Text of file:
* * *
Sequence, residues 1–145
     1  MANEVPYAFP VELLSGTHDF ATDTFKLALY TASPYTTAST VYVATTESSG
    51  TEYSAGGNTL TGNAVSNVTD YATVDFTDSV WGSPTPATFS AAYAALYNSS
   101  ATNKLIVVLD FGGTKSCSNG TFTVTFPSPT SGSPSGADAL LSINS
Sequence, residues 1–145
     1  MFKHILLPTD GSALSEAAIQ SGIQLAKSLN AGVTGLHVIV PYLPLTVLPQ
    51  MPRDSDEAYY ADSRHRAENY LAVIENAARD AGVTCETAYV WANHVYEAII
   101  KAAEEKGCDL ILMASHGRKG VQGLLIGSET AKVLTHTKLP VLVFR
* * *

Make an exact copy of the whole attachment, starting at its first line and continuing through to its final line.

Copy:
Sequence, residues 1–145
     1  MANEVPYAFP VELLSGTHDF ATDTFKLALY TASPYTTAST VYVATTESSG
    51  TEYSAGGNTL TGNAVSNVTD YATVDFTDSV WGSPTPATFS AAYAALYNSS
   101  ATNKLIVVLD FGGTKSCSNG TFTVTFPSPT SGSPSGADAL LSINS
Sequence, residues 1–145
     1  MFKHILLPTD GSALSEAAIQ SGIQLAKSLN AGVTGLHVIV PYLPLTVLPQ
    51  MPRDSDEAYY ADSRHRAENY LAVIENAARD AGVTCETAYV WANHVYEAII
   101  KAAEEKGCDL ILMASHGRKG VQGLLIGSET AKVLTHTKLP VLVFR